“The so-called 'Left-Hand Path' - that of Kaulas, Siddhas and Viras - combines the... Tantric worldview with a doctrine of the Ɯbermensch which would put Nietzsche to shame... The Vira - which is to say: the 'heroic' man of Tantrism - seeks to sever all bonds, to overcome all duality between good and evil, honor and shame, virtue and guilt. Tantrism is the supreme path of the absolute absence of law - of shvecchacarÄ«, a word meaning 'he whose law is his own will'." ― Julius Evola, The Path of Cinnabar.

“It is necessary to have “watchers” at hand who will bear witness to the values of Tradition in ever more uncompromising and firm ways, as the anti-traditional forces grow in strength. Even though these values cannot be achieved, it does not mean that they amount to mere “ideas.” These are measures…. Let people of our time talk about these things with condescension as if they were anachronistic and anti-historical; we know that this is an alibi for their defeat. Let us leave modern men to their “truths” and let us only be concerned about one thing: to keep standing amid a world of ruins.” ― Julius Evola, Revolt Against the Modern World: Politics, Religion, and Social Order in the Kali Yuga.

“We are born into this time and must bravely follow the path to the destined end. There is no other way. Our duty is to hold on to the lost position, without hope, without rescue, like that Roman soldier whose bones were found in front of a door in Pompeii, who died at his post during the eruption of Vesuvius because someone forgot to relieve him. That is greatness. That is what it means to be a thoroughbred. The honorable end is the one that can not be taken from a man.” ― Oswald Spengler, Man and Technics: A Contribution to a Philosophy of Life.

Monday, September 13, 2010

La procession de la Sanch

Procession de la Sanch
Impressive, atmospheric, just a little frightening, the long black and red hooded and robed figures of the Procession de la Sanch march slowly through the streets of Perpignan to the solemn beat of black veiled tambourines The Procession de la Sanch, which takes place every ’Vendredi Saint’, (Good Friday), opens the celebration of the Easter Holy week.

The brotherhood of “La Sanch” (the blood) was founded in1416 by Vincent Ferrier at the church of St Jaques in Perpignan, its origin to assist and accompany the condemned to their execution. A preacher, Ferrier is said to have undergone a life changing experience in 1398 when he nearly died of the fever, but was miraculously cured after Christ appeared to him in an apparition. He attracted followers, penitents from all walks of life, who he led around Europe, preaching penance and helping sinners to prepare for judgment and punishment. The wearing of the black and red hooded robes (orcaparutxe) was to prevent criminals being recognized and ‘lynched’ in the streets as pay back for crimes committed, and prisoners, penitents, (there to give solace to the person about to die), and executioner were hooded for maximum confusion.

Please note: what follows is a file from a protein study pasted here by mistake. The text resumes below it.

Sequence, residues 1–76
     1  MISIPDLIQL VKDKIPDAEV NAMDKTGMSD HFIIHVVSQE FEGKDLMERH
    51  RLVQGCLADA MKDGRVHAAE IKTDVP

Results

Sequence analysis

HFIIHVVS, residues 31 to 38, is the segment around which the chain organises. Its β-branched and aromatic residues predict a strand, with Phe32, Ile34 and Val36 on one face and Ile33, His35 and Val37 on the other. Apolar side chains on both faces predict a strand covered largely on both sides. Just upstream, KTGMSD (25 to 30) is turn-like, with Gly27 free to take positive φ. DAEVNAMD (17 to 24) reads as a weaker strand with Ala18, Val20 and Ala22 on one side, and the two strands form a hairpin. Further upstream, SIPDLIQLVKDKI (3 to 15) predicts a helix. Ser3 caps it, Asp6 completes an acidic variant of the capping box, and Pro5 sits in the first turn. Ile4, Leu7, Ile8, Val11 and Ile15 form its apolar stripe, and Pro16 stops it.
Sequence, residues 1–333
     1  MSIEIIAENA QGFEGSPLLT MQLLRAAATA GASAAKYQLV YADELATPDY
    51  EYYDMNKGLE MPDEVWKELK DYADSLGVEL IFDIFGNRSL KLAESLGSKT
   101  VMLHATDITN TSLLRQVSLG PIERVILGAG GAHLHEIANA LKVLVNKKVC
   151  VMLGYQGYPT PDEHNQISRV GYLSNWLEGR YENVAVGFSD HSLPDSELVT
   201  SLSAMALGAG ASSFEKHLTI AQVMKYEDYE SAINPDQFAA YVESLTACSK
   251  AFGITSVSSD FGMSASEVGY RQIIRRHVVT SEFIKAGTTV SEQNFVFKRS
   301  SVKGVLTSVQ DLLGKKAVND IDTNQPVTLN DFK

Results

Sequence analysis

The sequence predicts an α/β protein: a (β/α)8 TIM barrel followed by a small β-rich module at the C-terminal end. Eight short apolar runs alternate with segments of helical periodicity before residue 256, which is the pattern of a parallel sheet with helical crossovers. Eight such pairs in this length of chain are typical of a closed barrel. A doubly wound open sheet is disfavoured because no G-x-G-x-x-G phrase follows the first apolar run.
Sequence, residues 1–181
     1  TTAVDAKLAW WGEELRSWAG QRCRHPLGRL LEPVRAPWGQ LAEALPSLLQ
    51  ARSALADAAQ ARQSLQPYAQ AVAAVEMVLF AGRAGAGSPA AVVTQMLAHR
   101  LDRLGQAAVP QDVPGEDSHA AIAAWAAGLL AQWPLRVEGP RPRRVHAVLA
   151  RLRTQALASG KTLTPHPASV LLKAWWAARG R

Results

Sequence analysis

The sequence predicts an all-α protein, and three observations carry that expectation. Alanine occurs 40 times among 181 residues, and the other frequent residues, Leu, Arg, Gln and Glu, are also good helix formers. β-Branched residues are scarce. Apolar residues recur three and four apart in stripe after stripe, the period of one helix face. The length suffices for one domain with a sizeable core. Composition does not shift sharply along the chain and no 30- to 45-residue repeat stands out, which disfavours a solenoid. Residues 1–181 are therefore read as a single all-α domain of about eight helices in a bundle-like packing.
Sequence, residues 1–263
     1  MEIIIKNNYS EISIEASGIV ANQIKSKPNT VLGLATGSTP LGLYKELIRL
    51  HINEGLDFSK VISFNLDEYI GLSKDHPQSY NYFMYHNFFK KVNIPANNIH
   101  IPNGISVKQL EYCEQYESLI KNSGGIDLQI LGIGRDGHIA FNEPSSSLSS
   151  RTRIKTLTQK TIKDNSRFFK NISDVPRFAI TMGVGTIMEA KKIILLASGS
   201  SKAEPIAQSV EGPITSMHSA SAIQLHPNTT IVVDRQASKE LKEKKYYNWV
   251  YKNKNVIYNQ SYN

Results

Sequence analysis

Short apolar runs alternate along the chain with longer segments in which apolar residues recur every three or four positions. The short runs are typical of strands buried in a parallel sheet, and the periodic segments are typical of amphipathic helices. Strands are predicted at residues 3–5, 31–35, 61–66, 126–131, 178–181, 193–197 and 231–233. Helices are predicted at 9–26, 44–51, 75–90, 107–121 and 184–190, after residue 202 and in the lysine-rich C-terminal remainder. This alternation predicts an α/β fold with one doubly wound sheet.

The procession as a whole commemorates the Passion and the Agony of Christ. At the head of the parade walks a red robed figure “le regidor”, warning the crowds of the procession’s approach. by intermittently ringing an iron bell as he leads the penitents to the gallows. They carry ‘misteris’ (full-size representations of the different scenes of the Passion) through the streets of Perpignan. Of course, over the years the Sanch has become a great crowd puller and a fabulous photo opportunity but for the ‘penitents’ carrying crosses, crucifixes and religious statues weighing up to thirty to fifty kilos, this re- enactment of Christ’s Passion is real enough. The procession takes place in silence – some walk bare-foot, others are on their knees…... only the sound of the tambourine, and the occasional peal of the bell breaks the eerie atmosphere, along with the Goigs, traditional Easter songs which accompany the march.

Over the centuries the Sanch has been forbidden several times. It has always survived.

La procession de la Sanch

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